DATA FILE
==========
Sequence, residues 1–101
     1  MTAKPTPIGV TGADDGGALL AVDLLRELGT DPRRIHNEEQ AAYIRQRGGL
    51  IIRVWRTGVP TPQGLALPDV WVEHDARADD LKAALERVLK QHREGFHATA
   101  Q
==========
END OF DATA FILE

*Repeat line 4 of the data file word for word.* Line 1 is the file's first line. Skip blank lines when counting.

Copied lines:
   101  Q